Fully 75 percent of Americans think news organizations generally don’t get the facts right, according to Pew Research. Two-thirds (66 percent) say stories are often inaccurate–a new high–and almost 75 percent believe that journalists try to cover up their mistakes.
Julia Moos discusses these statistics in her article, “Pew: 75 percent of Americans Say Press Can’t Get Their Facts Straight” (http://www.poynter.org/latest-news/mediawire/147038/pew-75-of-americans-say-press-cant-get-their-facts-straight/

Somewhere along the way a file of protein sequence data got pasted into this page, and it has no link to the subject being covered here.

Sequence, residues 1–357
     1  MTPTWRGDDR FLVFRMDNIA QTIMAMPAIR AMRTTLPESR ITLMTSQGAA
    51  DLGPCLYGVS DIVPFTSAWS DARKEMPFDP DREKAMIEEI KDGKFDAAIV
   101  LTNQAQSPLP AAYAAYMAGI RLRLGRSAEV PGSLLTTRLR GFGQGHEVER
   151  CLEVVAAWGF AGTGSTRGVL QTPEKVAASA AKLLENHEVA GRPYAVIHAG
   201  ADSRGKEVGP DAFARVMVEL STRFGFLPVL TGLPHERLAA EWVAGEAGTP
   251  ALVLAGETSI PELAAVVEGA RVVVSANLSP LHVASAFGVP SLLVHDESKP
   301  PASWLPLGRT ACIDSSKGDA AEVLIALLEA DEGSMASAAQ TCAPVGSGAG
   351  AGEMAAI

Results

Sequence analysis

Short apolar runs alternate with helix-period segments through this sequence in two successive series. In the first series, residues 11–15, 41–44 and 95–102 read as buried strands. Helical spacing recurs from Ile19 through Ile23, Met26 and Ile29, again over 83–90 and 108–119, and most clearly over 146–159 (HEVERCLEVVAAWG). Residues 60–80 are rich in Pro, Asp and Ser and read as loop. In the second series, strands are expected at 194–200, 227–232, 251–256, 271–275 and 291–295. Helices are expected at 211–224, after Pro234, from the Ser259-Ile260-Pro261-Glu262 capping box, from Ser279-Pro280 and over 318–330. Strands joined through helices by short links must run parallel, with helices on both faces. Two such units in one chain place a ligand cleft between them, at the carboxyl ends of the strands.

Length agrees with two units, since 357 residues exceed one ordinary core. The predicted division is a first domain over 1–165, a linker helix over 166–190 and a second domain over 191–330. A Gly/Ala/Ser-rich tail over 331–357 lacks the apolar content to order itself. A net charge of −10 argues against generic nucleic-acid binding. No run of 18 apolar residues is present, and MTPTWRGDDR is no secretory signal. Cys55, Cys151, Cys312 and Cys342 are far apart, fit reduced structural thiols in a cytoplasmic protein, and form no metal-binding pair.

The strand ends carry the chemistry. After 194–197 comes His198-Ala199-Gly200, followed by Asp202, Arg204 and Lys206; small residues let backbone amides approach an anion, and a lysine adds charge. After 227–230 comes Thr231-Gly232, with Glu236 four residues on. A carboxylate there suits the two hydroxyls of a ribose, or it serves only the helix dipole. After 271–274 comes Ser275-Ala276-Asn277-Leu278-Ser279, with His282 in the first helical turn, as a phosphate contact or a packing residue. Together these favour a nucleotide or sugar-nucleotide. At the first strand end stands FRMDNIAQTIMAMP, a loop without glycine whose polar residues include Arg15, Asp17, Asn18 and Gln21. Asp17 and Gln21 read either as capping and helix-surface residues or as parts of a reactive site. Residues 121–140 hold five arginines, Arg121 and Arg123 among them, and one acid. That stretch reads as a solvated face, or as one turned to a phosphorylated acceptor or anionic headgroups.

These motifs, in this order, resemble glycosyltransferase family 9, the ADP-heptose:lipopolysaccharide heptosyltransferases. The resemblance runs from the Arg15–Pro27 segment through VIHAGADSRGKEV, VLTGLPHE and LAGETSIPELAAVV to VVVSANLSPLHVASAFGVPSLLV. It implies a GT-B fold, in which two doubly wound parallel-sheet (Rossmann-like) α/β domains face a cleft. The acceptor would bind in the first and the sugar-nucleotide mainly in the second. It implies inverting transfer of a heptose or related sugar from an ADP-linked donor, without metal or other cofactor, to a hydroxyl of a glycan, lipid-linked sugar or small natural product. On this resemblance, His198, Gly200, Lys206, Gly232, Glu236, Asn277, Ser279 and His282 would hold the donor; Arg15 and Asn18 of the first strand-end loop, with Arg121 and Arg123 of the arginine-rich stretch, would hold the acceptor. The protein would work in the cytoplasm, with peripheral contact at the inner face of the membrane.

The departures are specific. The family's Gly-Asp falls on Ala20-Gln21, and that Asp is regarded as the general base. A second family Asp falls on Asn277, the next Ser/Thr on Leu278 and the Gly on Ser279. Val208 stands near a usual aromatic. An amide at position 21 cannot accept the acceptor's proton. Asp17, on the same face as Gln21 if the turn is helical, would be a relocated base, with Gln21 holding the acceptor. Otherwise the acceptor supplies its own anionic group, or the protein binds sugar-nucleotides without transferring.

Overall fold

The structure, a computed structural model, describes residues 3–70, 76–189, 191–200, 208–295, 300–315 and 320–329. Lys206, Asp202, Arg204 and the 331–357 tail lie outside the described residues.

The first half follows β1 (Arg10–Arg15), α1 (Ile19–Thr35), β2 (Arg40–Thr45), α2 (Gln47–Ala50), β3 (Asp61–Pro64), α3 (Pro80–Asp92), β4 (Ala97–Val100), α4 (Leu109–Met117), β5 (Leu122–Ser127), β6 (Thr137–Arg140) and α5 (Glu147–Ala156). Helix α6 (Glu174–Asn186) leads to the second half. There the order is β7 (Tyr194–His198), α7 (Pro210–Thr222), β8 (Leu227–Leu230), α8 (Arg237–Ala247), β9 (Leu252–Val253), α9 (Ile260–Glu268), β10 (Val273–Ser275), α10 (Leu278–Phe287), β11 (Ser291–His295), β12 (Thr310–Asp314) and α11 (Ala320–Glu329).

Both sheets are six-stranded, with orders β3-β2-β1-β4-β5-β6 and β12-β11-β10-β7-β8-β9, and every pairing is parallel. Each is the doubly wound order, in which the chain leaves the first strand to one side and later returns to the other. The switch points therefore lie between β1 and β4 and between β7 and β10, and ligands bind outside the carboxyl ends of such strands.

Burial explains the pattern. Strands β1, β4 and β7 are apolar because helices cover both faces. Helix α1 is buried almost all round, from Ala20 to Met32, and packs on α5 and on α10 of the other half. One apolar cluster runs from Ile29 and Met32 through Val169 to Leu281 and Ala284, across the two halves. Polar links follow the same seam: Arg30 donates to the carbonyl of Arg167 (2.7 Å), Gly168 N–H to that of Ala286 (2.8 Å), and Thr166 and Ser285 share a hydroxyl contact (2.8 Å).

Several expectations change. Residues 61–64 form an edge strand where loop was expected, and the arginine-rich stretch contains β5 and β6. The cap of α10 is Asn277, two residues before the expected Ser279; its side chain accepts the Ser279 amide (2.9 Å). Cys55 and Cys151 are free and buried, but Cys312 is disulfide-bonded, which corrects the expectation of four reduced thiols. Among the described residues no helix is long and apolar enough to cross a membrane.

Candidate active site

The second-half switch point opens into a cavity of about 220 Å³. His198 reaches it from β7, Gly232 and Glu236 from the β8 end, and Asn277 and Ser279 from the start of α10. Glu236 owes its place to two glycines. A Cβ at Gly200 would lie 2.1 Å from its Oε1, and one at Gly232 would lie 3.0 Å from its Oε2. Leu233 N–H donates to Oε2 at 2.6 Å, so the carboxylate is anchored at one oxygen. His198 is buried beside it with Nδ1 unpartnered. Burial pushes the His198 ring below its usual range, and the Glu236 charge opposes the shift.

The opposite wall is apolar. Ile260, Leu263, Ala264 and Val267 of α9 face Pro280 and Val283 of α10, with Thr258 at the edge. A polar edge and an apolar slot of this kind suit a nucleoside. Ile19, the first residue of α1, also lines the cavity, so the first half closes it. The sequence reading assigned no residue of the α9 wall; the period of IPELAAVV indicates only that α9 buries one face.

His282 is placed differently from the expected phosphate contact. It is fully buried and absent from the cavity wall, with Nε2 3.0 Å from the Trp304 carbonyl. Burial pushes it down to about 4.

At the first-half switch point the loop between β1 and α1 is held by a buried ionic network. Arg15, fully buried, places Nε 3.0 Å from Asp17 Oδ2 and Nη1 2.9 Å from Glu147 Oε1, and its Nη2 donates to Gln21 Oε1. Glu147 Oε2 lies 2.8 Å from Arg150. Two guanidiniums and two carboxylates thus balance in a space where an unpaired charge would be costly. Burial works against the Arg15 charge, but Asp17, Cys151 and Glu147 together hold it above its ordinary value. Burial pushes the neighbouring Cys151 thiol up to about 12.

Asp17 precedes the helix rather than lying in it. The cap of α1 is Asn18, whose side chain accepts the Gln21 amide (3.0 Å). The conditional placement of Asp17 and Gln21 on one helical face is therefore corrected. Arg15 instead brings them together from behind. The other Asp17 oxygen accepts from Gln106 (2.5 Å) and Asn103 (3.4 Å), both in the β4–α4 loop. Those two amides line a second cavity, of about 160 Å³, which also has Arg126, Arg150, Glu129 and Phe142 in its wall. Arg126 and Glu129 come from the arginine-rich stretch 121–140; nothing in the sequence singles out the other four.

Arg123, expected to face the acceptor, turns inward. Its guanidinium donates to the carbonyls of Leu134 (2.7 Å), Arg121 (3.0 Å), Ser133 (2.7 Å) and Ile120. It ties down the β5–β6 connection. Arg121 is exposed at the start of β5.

“Taken together, the findings indicate negative opinions about media are higher than ever,” Moos says.
But even given those dismal percentages, most Americans trust traditional media more than other sources of news.
What does this mean? We believe only a quarter of what we read or hear? If so, why do we repeat (and retweet) so much of this “fiction”? Why do so many bits of news have a greater life on sites like Twitter and Facebook than on traditional media channels?
To venture a guess, I think lots of us feel it is less important to be accurate than to be interesting. Being “interesting” is important (perhaps essential) for many online “communications.”
But being “interesting” (by itself) does not an informed populace make.